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Issue No.51
  • :0973-1156
  • :April
  • :2016

Another International Women’s Day (March 8) has gone by, with significant achievements for women in the fisheries across the world. However, while we take stock of, and celebrate the achievements, we should also reflect on the long road of struggle ahead—a struggle for the rights of small-scale fisheries; for the rights of women engaged in fishing, fish trade and fish-work.

Women have always been the backbone of the small-scale fisheries sector across the world. However the contribution of women, both in economic and social terms, have been constantly undervalued.

YEMAYA RECOMMENDS

FILM

Oceans, the Voice of the Invisible

The 56 min. film clearly brings out the double side of INGOs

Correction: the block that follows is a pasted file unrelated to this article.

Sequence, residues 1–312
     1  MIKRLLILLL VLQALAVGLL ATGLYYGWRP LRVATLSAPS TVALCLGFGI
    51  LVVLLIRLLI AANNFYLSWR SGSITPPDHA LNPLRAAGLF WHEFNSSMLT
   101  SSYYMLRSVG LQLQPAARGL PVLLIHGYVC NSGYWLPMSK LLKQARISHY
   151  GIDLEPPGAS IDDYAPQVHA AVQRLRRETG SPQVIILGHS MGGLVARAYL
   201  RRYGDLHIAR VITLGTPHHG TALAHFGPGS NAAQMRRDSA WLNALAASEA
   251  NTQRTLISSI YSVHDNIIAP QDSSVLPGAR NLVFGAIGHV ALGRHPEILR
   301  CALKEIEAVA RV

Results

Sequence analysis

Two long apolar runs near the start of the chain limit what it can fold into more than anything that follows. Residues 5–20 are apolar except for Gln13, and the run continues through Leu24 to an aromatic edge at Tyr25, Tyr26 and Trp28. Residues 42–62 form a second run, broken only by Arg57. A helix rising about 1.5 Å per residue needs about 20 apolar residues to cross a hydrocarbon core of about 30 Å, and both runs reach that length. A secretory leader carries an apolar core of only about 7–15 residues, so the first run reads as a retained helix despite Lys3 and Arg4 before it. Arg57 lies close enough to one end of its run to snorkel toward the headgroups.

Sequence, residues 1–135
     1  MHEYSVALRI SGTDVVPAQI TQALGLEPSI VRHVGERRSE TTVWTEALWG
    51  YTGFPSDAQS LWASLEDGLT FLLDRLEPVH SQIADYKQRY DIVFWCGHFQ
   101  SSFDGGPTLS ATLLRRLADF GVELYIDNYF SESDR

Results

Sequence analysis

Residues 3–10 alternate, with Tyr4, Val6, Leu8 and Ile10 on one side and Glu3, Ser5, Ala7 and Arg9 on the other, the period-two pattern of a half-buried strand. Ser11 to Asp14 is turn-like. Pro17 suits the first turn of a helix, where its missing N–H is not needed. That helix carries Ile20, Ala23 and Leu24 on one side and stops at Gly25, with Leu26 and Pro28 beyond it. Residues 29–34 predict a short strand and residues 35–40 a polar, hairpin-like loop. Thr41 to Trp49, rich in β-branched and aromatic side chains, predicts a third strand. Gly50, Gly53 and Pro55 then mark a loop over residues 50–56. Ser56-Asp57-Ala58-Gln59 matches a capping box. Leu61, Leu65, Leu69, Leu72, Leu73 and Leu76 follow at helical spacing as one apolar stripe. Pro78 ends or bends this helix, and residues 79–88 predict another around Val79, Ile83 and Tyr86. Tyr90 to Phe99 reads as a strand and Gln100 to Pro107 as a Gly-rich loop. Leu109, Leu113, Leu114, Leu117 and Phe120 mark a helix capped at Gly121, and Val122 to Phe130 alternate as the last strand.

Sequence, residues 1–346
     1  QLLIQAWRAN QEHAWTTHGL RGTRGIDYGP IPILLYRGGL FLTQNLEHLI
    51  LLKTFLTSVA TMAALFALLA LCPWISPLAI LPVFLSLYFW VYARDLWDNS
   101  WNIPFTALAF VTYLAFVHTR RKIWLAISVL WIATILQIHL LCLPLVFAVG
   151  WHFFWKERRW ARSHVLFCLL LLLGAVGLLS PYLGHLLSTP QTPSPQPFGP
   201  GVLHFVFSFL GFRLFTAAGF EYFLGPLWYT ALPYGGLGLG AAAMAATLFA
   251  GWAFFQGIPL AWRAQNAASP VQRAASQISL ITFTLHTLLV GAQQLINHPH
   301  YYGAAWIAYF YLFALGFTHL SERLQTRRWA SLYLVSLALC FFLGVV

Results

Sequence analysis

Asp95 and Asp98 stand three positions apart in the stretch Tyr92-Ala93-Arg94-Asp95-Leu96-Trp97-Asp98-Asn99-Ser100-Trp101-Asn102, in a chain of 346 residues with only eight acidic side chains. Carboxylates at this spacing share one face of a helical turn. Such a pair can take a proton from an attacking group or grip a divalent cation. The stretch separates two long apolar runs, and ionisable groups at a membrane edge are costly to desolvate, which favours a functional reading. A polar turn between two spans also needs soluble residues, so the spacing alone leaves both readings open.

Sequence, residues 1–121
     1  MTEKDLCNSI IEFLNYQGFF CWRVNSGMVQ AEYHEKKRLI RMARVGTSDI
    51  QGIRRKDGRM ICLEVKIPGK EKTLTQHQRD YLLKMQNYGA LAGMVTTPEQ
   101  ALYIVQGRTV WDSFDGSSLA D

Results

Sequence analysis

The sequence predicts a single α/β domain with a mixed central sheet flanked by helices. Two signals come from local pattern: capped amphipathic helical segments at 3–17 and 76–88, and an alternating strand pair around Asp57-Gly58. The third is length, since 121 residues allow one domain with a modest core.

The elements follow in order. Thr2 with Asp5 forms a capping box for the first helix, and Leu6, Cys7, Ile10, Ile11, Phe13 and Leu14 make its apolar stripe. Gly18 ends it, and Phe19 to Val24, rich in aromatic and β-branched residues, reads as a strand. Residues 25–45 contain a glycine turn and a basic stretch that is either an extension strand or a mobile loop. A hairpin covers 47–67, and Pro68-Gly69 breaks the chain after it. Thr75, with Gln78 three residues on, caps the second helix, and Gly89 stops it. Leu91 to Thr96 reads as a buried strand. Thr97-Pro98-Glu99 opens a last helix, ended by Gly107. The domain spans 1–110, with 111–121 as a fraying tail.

This review is by Alain Le Sann (ad.lesann@orange.fr), Honorary Member, ICSF and translated by Daniele Le Sann


The documentary film “Oceans, the voice of the invisible” by film maker Mathilde Jounot, is a bold step in denouncing the role played by large international non-government organizations (INGOs) such as The Nature Conservancy (TNC) and the World Wildlife Fund (WWF), in association with investment banks and multinational corporations, to control the oceans. The film clearly brings out the double speak of these organizations, and shows how artisanal fishworkers around the world can no longer be fooled by the rhetoric of these INGOs.

The idea of making the film to expose the dubious role of the INGOs came to Mathilde from her friend Robert Bouguéon, a Breton fisherman whom she met in 2015 when both happened to be on the same panel as jury members during the film festival “Fishermen of the World”.  He suggested to her to investigate the role of big INGOs in controlling the discour

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